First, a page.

I am trying to read of synchronization of two clocks in same inertial frame in special relativity. Suppose we have two synchronized clocks in an inertial frame placed at positions $x_1$ and $x_2$ in that frame. Suppose two observers at $x_1$ and and $x_2$ try to measure speed of some object moving in between $x_1$ and $x_2$(not at the midpoint or any close) with a constant speed. Now both observers, watch the object travel the distance $ \Delta x$. Let the object be closer to $x_1$. The observer at $x_1$ records times at which the object enters the $\Delta x$ region and another when it leaves the region. Lets call them $t_1$ and $t'_1$ and similarly the observer at $x_2$ records $t_2$ and $t'_2$.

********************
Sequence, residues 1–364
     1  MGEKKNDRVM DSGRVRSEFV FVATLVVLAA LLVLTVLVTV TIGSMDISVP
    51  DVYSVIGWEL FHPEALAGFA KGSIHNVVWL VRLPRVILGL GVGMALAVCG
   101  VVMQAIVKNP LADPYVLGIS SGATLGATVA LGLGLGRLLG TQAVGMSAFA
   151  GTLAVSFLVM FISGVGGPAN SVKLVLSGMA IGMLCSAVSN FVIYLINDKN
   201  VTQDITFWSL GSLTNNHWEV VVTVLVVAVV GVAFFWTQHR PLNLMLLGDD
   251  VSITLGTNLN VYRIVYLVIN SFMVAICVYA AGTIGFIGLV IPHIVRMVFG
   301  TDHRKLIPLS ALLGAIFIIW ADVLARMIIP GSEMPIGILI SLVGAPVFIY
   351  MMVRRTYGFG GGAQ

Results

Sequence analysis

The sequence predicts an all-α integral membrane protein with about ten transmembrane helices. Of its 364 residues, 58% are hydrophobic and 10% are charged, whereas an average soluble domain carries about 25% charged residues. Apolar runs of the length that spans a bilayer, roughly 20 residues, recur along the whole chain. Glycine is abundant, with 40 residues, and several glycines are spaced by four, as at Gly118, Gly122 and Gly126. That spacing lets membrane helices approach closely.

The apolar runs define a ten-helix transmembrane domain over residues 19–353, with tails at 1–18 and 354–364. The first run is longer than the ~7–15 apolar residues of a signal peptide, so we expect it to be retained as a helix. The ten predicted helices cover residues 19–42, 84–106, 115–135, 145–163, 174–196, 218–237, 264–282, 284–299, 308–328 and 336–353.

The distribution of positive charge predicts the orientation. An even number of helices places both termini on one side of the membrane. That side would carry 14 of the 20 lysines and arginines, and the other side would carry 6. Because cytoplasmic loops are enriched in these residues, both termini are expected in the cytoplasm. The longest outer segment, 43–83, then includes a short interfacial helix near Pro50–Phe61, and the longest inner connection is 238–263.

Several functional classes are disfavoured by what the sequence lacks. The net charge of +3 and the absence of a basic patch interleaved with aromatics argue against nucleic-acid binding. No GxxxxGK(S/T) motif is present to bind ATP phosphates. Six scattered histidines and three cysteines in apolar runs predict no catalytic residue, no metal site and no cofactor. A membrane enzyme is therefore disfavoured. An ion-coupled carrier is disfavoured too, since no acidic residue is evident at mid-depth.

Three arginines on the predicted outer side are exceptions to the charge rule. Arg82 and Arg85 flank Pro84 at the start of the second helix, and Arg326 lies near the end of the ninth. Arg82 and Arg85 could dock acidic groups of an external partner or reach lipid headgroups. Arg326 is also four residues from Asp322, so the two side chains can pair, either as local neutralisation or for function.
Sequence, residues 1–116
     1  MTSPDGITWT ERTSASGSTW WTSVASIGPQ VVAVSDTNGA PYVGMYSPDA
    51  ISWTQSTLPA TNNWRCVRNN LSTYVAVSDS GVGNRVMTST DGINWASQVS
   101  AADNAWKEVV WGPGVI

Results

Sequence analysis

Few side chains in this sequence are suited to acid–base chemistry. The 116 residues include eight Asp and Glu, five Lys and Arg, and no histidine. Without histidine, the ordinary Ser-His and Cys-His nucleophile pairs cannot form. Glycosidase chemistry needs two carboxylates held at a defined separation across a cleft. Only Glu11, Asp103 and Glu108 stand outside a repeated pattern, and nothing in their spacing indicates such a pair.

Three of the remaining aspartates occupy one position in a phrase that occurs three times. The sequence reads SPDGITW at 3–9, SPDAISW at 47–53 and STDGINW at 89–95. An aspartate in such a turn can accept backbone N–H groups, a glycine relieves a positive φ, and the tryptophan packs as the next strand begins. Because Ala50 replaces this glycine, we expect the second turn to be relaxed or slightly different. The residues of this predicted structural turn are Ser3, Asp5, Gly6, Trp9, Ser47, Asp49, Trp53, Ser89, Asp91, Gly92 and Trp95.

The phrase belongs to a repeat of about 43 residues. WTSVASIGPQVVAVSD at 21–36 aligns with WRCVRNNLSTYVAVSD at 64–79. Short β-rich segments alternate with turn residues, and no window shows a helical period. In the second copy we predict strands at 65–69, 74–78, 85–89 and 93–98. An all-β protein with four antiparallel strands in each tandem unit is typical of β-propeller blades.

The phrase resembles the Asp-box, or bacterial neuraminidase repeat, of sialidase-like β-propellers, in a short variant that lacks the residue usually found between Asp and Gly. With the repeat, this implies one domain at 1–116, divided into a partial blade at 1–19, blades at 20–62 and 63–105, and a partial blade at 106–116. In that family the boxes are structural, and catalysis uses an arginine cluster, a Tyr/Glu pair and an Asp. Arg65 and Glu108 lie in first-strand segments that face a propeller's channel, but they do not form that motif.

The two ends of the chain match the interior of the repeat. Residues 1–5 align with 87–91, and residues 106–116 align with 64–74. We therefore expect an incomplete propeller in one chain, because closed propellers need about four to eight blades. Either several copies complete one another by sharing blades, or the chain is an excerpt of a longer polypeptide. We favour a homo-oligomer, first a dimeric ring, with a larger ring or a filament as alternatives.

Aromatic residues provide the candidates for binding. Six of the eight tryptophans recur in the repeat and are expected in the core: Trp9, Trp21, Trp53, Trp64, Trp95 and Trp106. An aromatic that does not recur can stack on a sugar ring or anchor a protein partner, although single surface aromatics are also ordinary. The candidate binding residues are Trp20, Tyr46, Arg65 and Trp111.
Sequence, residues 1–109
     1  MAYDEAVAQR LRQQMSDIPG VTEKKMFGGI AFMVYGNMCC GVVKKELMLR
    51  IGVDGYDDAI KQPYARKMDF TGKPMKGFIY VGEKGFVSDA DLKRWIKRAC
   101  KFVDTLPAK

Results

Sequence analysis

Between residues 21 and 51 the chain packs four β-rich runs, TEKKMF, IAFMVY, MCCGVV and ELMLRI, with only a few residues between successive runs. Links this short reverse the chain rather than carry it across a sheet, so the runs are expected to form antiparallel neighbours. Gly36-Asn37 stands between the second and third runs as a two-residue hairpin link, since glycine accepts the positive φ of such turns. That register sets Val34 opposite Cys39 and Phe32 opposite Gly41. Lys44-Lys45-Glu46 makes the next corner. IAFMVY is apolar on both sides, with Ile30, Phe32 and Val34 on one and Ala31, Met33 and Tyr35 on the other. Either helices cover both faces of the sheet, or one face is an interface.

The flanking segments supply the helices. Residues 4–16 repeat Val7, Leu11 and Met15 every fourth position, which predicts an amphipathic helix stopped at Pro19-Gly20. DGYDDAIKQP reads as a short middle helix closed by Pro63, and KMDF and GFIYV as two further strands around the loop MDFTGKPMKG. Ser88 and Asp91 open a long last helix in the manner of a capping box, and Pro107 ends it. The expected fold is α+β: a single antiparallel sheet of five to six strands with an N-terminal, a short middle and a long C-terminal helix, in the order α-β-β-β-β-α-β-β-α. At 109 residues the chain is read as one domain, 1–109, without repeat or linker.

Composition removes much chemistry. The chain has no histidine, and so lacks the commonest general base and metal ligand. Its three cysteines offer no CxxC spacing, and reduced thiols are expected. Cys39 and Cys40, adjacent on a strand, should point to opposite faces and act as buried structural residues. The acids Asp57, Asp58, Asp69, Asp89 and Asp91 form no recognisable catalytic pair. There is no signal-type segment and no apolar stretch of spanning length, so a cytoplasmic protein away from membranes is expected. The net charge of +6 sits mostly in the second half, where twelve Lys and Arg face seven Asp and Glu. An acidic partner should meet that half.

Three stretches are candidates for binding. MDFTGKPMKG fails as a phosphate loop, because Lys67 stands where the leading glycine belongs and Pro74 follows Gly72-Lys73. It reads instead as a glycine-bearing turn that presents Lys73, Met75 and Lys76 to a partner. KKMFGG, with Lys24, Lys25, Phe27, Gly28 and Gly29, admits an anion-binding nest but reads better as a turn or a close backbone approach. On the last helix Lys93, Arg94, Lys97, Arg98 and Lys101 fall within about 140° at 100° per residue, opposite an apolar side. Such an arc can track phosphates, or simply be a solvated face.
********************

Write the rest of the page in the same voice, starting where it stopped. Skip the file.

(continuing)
Now the time difference between $t_1$ and $t'_1$ is should not be same as the difference between $t2$ and $t'2$ since the light travels at a finite speed. So the velocities as measure by $x_1$ and $x_2$ observers should be different because the time intervals measured by them are different. This would imply both the observers measure different speeds. But I am wondering how is this possible? How can an object have two different speeds in same inertial frames? Am I missing something?
(PS: sorry for bad figure)